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Bisphenol A Tied to Health Problems

Study Shows Plastic Chemical Linked to Heart Disease, Diabetes; Industry Says No Proof Bisphenol A Is to Blame

Researcher's Comments continued...

Melzer's team isn't calling for a ban on bisphenol A, and they're not telling people to ditch their canned goods or polycarbonate plastic products. But they do want to see more research done.

Melzer says future research should check the study's findings in other groups of people, track healthy people to see if those with high levels of bisphenol A develop health problems later on, and identify the leading sources of bisphenol A exposure.

"Which are the main products, which types of food, what particular packaging is actually delivering these levels into people?" asks Melzer. "It would be much easier to understand what to do if we knew where it was coming from, especially in those people who seem to have marginally higher levels."

For now, Melzer warns against jumping to conclusions. "Please don't read too much into this first study; it's limited in various ways," he says.

Melzer also notes that a healthy lifestyle -- regardless of bisphenol A -- is still a crucial part of preventing heart disease and diabetes. "Healthy eating and exercise and so on are still very important," says Melzer.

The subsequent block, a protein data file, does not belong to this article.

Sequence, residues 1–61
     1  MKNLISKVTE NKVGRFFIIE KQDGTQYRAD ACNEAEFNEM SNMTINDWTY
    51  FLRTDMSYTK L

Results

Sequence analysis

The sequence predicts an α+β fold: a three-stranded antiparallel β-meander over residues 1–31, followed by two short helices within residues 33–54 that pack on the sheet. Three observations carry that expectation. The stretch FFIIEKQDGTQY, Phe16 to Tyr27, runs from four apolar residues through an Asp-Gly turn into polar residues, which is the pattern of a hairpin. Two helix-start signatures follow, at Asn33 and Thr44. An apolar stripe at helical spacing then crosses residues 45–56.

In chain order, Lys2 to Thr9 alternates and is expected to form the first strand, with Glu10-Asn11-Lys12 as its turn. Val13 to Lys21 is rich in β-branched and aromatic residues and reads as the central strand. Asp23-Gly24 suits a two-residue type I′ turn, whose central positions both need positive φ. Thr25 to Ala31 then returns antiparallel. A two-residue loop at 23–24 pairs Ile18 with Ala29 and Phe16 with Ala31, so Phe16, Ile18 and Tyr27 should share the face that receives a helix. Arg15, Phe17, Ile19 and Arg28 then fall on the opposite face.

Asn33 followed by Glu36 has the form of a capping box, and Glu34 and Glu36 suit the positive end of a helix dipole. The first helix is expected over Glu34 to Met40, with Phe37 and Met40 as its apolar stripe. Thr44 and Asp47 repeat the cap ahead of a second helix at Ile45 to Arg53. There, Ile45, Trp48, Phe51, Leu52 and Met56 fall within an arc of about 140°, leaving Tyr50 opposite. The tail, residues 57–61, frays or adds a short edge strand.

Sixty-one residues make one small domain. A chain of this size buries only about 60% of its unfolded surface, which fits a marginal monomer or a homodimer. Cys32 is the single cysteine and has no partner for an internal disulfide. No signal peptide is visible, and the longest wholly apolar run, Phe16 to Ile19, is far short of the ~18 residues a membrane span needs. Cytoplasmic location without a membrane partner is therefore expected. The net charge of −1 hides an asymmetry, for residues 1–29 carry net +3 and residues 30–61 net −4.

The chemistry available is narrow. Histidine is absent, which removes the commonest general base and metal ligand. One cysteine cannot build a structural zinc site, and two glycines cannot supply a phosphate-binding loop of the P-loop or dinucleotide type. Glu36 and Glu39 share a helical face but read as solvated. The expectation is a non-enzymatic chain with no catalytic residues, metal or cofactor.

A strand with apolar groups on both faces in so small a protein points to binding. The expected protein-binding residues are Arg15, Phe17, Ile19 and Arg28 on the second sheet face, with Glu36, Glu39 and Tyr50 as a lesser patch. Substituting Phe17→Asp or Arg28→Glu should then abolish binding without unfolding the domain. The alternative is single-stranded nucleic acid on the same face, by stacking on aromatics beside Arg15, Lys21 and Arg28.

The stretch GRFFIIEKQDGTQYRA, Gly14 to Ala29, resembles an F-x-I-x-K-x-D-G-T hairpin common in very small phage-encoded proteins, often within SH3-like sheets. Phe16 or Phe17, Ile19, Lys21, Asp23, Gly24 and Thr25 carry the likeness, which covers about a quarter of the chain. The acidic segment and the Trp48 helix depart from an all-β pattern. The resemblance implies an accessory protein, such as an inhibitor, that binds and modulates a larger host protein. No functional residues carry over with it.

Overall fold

Bisphenol A Critic's View

Fred vom Saal, PhD, is a bisphenol A researcher who co-wrote an editorial published with the study.

"It is important to point out that it is a snapshot study -- one measurement of bisphenol A and in relation to health status," vom Saal tells WebMD. But he says the results show "such a strong relationship" between high urinary bisphenol A levels and health effects.

He explains that bisphenol A acts like estrogen, pushing up insulin levels, which may lead to insulin resistance and diabetes. "That's exactly what it does in animals," says vom Saal, who testified at today's FDA meeting and is critical of the FDA's stance that bisphenol A is safe at typical exposure levels from food and drink.

"The FDA says there has to be a reasonable certainty of safety in order to use these products. I look at the entire literature and I say there is a very reasonable certainty of harm," says vom Saal.

An FDA spokesperson wasn't immediately available to comment on that. The FDA recently issued a draft report on the safety of bisphenol A in food contact items (food and drink packaging). That draft report deemed bisphenol A food and drink containers safe for typical use. European regulators recently took a similar stance.

But another government agency, the National Toxicology Program, doesn't rule out all risk from bisphenol A. In a separate report the NTP notes "some concern" for effects on the brain, prostate gland, and on behavior in fetuses, infants, and children.

Industry Responds

WebMD contacted the American Chemistry Council (a trade group for the plastics industry) and the North American Metal Packaging Alliance (a trade group for the canned goods industry) for their comments on the study.

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